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Optimal Search on a Technology Landscape

  • Stuart Kauffman
  • Jose Lobo
  • William G. Macready
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    Technological change at the firm level has commonly been modeled as random sampling from a fixed distribution o f possibilities. Such models, however, typically ignore empirically important aspects of the firm's search process, notably the observation that the present state of the firm guides future innovation. In this paper we explicitly treat this apsect of the firm's search for technological improvements by introducing a "technology landscape" into an otherwise standard dynamic programming setting where the optimal strategy is to assign a reservation price to each possible technology. Search is modeled as movement, constrained by the cost of innovation, over the technology landscape. Simulations are presented on a stylized technology landscape while analytic results are derived using landscapes that are similar to Markov random fields. We find that early in the search for technological improvements, if the inital position is poor or average, it is optimal to search far away on the technology landscape; but as the firm succeeds in finding technological improvements it is optimal to confine search to a local region of the landscape. We obtain the result that there are diminishing returns to search without having to make the assumption that the firm's repeated draws from the search space are independent and identically distributed.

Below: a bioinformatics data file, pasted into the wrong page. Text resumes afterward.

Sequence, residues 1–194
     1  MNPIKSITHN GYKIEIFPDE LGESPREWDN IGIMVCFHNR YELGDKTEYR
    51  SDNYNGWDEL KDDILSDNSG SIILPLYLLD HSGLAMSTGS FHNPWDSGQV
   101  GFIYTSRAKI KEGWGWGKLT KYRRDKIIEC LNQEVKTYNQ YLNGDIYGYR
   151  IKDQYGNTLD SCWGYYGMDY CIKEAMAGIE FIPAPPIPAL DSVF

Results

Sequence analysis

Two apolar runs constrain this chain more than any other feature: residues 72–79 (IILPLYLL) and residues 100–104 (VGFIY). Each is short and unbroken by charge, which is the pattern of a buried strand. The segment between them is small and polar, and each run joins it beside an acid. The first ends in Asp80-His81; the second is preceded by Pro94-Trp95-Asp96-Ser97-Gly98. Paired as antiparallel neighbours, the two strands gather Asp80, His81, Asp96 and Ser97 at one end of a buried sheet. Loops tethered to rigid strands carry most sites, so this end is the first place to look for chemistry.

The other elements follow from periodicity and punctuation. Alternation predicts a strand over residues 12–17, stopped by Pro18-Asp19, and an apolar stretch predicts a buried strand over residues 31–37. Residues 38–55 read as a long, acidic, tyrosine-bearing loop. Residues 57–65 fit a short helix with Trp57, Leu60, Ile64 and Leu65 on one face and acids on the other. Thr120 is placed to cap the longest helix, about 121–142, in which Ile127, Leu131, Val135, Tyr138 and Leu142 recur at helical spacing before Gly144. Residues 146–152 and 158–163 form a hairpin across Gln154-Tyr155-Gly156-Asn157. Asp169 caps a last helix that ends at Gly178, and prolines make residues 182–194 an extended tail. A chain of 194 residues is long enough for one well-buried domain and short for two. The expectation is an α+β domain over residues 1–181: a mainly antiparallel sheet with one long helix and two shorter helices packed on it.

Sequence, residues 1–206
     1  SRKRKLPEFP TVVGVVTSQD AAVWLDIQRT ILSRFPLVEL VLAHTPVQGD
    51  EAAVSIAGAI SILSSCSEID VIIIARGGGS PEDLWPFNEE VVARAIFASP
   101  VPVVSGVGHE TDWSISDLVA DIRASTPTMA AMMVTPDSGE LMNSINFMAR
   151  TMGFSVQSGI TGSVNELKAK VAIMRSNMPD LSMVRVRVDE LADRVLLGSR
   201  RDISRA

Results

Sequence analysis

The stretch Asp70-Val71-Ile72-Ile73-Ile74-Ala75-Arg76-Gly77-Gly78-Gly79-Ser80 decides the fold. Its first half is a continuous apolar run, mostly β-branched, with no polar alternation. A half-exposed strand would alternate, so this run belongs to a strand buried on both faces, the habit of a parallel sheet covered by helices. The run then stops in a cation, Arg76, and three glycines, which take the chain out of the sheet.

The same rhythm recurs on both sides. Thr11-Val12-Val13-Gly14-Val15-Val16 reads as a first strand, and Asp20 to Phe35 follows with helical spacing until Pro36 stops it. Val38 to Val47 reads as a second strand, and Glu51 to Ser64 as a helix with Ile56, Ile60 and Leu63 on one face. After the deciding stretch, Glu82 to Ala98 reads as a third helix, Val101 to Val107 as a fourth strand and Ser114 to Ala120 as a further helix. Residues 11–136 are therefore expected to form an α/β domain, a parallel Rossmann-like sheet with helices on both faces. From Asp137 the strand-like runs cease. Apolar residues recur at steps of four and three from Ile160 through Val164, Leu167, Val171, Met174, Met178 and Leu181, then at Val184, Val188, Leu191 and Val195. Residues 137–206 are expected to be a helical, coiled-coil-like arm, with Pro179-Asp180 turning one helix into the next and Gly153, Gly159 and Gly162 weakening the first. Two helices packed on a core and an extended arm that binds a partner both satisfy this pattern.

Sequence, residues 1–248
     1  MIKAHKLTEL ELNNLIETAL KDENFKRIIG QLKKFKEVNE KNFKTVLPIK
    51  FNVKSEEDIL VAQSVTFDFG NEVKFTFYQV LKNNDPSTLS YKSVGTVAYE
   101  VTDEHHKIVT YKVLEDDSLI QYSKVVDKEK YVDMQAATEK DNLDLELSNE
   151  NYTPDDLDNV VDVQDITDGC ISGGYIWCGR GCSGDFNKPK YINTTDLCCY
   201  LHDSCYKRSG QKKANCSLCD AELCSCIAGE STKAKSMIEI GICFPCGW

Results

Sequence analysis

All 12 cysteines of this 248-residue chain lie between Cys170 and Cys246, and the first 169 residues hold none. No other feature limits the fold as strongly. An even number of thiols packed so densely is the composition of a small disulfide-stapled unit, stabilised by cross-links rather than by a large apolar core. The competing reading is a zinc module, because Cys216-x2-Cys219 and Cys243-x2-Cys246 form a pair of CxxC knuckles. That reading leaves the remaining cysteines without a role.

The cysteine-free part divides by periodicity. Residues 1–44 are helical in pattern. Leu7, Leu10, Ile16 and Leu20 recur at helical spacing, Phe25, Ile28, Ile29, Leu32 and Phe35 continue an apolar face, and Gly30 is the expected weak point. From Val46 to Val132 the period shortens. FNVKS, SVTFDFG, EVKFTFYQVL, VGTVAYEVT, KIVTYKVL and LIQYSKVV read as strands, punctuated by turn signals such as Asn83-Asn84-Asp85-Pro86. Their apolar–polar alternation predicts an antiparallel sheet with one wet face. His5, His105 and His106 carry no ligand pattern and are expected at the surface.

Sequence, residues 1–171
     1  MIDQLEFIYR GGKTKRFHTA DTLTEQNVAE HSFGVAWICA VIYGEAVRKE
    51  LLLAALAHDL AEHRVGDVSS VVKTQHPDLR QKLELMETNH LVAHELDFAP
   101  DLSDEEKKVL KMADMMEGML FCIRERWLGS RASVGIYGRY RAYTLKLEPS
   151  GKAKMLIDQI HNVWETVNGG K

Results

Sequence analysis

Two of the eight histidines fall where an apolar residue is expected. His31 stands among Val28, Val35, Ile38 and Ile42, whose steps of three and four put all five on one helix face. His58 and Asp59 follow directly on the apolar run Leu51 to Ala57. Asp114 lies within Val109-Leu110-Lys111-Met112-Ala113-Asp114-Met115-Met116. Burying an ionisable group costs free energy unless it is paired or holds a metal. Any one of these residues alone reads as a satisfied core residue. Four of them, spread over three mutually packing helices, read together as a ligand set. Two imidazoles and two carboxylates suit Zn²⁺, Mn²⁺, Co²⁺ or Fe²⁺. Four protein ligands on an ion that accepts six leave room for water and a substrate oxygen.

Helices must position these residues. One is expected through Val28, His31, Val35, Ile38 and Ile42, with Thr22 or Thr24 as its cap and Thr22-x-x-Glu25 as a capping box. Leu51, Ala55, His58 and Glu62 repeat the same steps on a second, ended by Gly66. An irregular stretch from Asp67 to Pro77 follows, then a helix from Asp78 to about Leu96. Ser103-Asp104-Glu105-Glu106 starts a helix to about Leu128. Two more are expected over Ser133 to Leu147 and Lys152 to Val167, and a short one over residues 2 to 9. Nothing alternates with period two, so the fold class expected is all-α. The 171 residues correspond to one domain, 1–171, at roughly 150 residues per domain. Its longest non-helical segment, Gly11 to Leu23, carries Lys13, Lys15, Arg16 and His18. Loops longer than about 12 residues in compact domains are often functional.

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    Paper provided by Santa Fe Institute in its series Research in Economics with number 98-10-091e.

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    Date of creation: Oct 1998
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    Handle: RePEc:wop:safire:98-10-091e
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